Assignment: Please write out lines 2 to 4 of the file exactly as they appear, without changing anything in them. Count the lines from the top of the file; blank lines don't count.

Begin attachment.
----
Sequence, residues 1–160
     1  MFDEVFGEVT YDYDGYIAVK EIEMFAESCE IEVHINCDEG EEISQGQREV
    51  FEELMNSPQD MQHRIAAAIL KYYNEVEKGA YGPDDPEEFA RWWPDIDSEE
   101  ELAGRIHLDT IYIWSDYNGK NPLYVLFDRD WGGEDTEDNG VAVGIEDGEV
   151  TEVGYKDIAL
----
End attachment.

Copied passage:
     1  MFDEVFGEVT YDYDGYIAVK EIEMFAESCE IEVHINCDEG EEISQGQREV
    51  FEELMNSPQD MQHRIAAAIL KYYNEVEKGA YGPDDPEEFA RWWPDIDSEE
   101  ELAGRIHLDT IYIWSDYNGK NPLYVLFDRD WGGEDTEDNG VAVGIEDGEV